Jon Dingwell

03-17-2000, 04:03 AM

I would like to make a clarification on my previous posting about

rotational kinetic energy. In that posting I gave the following example:

>For example, a block sliding across a frictionless table has translational

>kinetic energy ("TKE") because its center of mass is moving, but not

>rotational kinetic energy ("RKE"). On the other hand, a distributed mass

>which is rotating about its center of mass, but not moving (such as a

>bicycle wheel spinning in place) has RKE, but not TKE (because the ceter of

>mass does not move).

It was brought to my attention that this example was perhaps not the best,

in that I suggest that this only holds for rotations about the center of

mass. However, RKE is generated by any arbitrary rigid body rotating about

any arbitrary axis of rotation. My example of the bicycle wheel was meant

to be for the simplified case where this rotation occurs about the center

of mass. I appologize if there was any confusion on this point.

However, the more general form of the equation for RKE which I gave at the

end of my posting does still hold:

>We can then make similar arguments about RKE, and we derive the following

>relationship:

>

> RKE = (1/2) I * (W*W)

>

>where I is the moment of inertia of the rigid body about the instantaneous

>axis of rotation, and W is the instantaneous angular velocity of the rigid

>body.

In this case, I is the moment of inertia about any arbitrary axis, and this

is typically computed using the parallel axis theorem, such that:

I' = Icm + M * (d*d)

where I' is the moment of inertia about the arbitrary axis, Icm is the

moment of inertia about an axis parallel to I' and passing through the

center of mass, and d is the Euclidean distance between these two axes.

I hope this is now clear(er),

Jon Dingwell

-------------------------------------------------------------

Jonathan Dingwell, Ph.D.

Postdoctoral Research Associate

Sensory Motor Performance Program

Rehabilitation Institute of Chicago

345 East Superior, Room 1406

Chicago, Illinois, 60611

Phone: (312) 238-1233 [Office] / (312) 238-1232 [Lab]

FAX: (312) 908-2208

E-Mail: j-dingwell@nwu.edu

Web: http://manip.smpp.nwu.edu/dingwell/

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rotational kinetic energy. In that posting I gave the following example:

>For example, a block sliding across a frictionless table has translational

>kinetic energy ("TKE") because its center of mass is moving, but not

>rotational kinetic energy ("RKE"). On the other hand, a distributed mass

>which is rotating about its center of mass, but not moving (such as a

>bicycle wheel spinning in place) has RKE, but not TKE (because the ceter of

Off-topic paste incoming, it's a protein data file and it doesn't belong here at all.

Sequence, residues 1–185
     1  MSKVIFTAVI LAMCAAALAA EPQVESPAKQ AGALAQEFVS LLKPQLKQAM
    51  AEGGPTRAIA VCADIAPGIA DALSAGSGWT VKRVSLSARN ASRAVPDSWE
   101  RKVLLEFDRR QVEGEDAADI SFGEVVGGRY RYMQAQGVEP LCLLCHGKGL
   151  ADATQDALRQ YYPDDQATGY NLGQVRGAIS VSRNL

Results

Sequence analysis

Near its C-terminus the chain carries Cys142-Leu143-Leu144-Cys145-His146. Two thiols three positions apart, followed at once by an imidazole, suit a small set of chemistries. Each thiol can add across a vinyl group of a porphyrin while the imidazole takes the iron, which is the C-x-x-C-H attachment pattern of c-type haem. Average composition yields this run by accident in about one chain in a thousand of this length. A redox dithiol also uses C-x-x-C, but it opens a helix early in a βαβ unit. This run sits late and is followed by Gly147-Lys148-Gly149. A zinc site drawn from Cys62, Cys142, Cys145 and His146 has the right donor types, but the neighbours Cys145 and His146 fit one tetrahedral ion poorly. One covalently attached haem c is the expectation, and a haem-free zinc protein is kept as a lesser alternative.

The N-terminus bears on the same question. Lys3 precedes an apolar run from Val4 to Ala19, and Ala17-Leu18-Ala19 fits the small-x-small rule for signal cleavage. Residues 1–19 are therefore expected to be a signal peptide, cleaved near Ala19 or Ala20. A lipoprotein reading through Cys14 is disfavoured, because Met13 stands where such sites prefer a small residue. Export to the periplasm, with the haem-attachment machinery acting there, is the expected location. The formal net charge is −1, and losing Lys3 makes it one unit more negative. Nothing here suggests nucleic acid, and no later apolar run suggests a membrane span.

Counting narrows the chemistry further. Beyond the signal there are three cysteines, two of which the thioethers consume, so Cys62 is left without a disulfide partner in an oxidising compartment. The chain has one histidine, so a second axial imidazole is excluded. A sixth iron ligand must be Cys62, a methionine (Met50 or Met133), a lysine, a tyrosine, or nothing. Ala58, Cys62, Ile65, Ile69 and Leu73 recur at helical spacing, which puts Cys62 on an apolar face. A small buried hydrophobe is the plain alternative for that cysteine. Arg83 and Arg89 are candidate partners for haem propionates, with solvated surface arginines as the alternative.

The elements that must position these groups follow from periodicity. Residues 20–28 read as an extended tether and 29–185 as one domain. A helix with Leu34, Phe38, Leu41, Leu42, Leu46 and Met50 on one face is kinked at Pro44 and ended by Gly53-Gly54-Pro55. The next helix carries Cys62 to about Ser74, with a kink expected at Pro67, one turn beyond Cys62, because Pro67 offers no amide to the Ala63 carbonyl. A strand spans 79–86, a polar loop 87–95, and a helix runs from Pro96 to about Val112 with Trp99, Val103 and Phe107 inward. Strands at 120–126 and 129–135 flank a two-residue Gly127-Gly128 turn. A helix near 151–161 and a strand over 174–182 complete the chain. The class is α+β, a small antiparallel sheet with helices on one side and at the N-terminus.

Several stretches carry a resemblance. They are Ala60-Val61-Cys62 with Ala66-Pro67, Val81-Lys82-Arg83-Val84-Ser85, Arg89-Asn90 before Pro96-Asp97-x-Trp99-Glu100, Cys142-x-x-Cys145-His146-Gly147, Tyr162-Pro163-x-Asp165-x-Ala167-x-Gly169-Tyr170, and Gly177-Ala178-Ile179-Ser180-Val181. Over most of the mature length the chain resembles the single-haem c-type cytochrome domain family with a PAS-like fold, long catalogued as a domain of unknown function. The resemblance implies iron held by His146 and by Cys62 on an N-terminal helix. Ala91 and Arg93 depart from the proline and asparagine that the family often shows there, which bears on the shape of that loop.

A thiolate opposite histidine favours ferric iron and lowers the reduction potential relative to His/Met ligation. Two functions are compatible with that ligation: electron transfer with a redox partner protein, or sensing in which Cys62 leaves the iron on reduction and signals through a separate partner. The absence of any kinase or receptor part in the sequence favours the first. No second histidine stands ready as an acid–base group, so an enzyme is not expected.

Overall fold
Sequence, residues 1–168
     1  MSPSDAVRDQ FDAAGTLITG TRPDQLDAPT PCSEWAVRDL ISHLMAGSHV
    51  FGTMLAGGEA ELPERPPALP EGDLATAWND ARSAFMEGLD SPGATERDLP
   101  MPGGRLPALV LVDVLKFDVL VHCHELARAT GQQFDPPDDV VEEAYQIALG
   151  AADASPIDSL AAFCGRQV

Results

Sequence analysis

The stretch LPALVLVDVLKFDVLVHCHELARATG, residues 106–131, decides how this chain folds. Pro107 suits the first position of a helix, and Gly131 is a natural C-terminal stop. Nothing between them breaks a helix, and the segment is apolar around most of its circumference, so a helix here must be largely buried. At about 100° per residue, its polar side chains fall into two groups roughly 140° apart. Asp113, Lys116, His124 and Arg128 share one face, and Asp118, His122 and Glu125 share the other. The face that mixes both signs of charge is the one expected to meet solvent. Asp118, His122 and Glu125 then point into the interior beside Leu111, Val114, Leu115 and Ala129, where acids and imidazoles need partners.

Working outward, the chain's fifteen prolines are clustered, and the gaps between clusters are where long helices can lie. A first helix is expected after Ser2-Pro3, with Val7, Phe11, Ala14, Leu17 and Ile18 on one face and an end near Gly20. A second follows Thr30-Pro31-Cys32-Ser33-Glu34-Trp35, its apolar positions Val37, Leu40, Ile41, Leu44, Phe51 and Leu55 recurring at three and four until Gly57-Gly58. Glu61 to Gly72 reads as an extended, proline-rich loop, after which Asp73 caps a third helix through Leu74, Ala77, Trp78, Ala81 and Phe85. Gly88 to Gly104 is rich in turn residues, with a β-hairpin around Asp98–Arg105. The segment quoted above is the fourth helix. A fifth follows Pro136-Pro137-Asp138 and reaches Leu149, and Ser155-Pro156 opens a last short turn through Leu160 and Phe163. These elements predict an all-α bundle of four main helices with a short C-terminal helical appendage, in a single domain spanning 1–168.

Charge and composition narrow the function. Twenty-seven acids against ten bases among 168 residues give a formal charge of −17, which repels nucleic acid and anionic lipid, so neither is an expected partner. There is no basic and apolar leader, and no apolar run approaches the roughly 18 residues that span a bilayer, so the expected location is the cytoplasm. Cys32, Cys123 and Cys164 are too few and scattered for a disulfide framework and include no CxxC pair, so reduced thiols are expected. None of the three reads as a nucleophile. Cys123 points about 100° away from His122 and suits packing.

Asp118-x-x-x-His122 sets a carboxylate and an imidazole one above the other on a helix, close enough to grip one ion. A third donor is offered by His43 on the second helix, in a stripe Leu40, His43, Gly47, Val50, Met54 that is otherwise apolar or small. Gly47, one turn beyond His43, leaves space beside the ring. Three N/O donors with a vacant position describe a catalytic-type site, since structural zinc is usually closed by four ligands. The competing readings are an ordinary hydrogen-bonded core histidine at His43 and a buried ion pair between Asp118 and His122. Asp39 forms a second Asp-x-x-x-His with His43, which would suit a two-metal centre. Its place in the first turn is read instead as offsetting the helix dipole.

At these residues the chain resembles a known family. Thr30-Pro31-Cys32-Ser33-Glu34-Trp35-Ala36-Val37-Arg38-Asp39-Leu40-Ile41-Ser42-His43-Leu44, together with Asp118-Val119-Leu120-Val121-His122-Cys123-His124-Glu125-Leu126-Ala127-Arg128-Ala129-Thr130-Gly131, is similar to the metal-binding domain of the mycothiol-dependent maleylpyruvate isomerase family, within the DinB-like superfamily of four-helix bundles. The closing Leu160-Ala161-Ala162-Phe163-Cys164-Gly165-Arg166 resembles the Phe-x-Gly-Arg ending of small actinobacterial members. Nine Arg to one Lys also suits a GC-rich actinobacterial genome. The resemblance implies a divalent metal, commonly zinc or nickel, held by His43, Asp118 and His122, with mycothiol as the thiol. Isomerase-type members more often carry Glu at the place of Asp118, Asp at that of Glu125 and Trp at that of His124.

>mass does not move).

It was brought to my attention that this example was perhaps not the best,

in that I suggest that this only holds for rotations about the center of

mass. However, RKE is generated by any arbitrary rigid body rotating about

any arbitrary axis of rotation. My example of the bicycle wheel was meant

to be for the simplified case where this rotation occurs about the center

of mass. I appologize if there was any confusion on this point.

However, the more general form of the equation for RKE which I gave at the

end of my posting does still hold:

>We can then make similar arguments about RKE, and we derive the following

>relationship:

>

> RKE = (1/2) I * (W*W)

>

>where I is the moment of inertia of the rigid body about the instantaneous

>axis of rotation, and W is the instantaneous angular velocity of the rigid

>body.

In this case, I is the moment of inertia about any arbitrary axis, and this

is typically computed using the parallel axis theorem, such that:

I' = Icm + M * (d*d)

where I' is the moment of inertia about the arbitrary axis, Icm is the

moment of inertia about an axis parallel to I' and passing through the

center of mass, and d is the Euclidean distance between these two axes.

I hope this is now clear(er),

Jon Dingwell

-------------------------------------------------------------

Jonathan Dingwell, Ph.D.

Postdoctoral Research Associate

Sensory Motor Performance Program

Rehabilitation Institute of Chicago

345 East Superior, Room 1406

Chicago, Illinois, 60611

Phone: (312) 238-1233 [Office] / (312) 238-1232 [Lab]

FAX: (312) 908-2208

E-Mail: j-dingwell@nwu.edu

Web: http://manip.smpp.nwu.edu/dingwell/

-------------------------------------------------------------

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For information and archives: http://isb.ri.ccf.org/biomch-l

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